tedster - 6:40 am on Aug 28, 2010 (gmt 0)
This is a rant that's been building in me for a long time.
Recent years have seen a flood of interest in SEO. Unfortunately, a lot of recent entries into SEO have no sense of perspective and no idea of how to evaluate advice that they read or hear. And still they write blog articles ;( There's a lot of regurgitated second and third hand learning being spread today - and it's even being sold to clients.
SEO began in the 90s, back before the acronym itself was even created. Most of the pioneers were early affiliate marketers who personally reverse-engineered the search engine algorithms of the day. What they learned was privately shared, until it stopped working so well. At that point, the tidbits began to bleed into the wider pool of knowledge.
Why do I bring up this old time stuff? The same pattern still holds. And taking anyone's SEO advice at face value is a dangerous practice. Anyone who is not doing their own testing and measurement is at a disadvantage. They may be buying into advice that's outdated by many years - and some of it may even come from back in the 90s!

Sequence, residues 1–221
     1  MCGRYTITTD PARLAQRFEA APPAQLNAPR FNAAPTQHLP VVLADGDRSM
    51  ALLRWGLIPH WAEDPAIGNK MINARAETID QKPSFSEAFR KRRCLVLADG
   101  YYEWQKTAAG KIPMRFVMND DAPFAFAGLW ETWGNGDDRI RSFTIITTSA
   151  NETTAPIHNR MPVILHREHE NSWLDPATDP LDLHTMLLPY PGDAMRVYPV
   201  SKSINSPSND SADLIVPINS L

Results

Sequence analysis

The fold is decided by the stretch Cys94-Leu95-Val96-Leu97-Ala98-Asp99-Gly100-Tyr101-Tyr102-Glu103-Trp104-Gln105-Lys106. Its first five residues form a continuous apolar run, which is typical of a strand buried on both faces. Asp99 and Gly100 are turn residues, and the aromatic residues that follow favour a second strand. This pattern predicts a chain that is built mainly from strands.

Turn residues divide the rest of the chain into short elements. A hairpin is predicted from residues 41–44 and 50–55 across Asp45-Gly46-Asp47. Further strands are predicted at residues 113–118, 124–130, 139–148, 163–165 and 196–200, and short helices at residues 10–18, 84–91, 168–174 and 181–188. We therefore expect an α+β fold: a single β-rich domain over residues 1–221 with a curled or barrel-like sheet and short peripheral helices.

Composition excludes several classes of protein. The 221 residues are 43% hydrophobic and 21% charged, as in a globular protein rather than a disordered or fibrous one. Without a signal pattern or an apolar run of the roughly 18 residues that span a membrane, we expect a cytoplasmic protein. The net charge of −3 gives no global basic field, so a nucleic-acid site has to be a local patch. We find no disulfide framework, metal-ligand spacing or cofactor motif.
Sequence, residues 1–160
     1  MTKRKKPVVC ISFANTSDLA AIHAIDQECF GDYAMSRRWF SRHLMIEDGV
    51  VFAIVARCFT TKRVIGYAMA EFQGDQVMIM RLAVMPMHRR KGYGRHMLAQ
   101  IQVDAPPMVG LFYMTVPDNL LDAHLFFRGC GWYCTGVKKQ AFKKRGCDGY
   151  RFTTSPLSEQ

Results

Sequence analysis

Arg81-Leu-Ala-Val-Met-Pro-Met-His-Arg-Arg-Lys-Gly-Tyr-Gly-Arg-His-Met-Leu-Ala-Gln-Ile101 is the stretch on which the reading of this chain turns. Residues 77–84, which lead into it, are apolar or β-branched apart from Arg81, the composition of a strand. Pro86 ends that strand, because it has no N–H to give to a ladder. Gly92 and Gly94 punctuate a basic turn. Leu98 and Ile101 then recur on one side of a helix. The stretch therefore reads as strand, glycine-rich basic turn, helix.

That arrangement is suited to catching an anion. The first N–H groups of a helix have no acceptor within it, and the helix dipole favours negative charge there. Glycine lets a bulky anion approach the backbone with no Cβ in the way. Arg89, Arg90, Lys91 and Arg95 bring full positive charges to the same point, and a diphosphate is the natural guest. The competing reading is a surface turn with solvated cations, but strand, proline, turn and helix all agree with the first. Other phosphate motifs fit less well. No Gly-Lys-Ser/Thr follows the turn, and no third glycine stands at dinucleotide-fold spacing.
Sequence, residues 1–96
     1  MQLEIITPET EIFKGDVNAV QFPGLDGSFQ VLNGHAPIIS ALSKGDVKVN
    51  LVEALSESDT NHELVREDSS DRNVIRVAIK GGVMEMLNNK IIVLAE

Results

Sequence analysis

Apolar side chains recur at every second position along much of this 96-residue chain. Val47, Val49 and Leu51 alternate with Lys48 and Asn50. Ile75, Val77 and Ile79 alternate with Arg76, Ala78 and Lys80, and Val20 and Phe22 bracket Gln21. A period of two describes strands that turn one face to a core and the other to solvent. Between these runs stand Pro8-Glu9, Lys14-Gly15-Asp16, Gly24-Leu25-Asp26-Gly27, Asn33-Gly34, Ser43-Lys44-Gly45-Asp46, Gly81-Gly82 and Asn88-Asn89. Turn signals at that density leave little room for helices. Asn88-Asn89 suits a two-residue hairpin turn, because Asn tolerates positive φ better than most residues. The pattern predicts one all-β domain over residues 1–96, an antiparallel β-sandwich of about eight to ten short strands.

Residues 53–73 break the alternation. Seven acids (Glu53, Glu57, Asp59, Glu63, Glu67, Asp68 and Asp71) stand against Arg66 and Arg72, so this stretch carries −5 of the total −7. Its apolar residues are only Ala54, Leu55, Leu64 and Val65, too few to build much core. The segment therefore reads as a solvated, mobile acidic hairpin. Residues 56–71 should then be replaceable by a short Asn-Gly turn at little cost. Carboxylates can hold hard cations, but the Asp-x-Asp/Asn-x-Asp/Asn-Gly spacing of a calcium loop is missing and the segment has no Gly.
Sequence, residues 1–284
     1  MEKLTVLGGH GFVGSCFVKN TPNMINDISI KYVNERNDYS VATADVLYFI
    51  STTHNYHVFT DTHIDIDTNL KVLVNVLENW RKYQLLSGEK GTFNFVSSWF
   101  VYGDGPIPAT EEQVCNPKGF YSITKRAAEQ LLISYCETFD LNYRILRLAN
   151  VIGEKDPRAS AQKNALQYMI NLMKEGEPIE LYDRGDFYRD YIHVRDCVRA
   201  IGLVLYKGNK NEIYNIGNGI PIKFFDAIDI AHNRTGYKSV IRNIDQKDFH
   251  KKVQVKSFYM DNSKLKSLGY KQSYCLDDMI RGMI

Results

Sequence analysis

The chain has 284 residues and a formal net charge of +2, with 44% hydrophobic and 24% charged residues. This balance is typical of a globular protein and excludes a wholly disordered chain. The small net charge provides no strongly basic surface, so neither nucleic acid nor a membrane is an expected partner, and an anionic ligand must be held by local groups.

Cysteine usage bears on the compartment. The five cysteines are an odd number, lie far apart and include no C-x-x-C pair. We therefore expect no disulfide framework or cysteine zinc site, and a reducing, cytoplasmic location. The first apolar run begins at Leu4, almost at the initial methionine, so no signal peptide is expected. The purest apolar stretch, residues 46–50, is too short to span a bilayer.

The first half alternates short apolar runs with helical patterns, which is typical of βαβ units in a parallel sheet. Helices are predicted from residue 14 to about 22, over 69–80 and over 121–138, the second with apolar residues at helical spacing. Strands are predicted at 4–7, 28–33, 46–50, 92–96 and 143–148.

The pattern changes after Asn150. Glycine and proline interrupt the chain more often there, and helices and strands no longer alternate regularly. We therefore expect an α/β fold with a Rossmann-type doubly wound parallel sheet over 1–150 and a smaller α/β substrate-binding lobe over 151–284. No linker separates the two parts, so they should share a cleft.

An entrepreneur today cannot hope to reverse engineer SERPs the way it was done in the early years of SEO - the field of information retrieval has become much too complex for that. But the disciplined state of mind that SEO pioneers used, the logic and rigor, all that still needs to be part of a successful SEO mindset.
Whenever I read any SEO article, one of the first things I look for is a sign of that logical rigor. If the author doesn't use technical vocabulary accurately, that's a danger sign. If there's no hint of HOW they arrived at their "knowledge", that's another. And if there are bizarre jumps in logic, that's even worse.
Watch out for "post hoc ergo propter hoc" fallacies. Watch out for confusion between a statement and its converse - the truth of one does not imply the truth of the other. If you can't think logically, you cannot be a good SEO.
Even more, always watch out for the DATE of the advice you read. And most of all, look for your own evidence - through testing and examples or anecdotes. Otherwise you might well tank your business.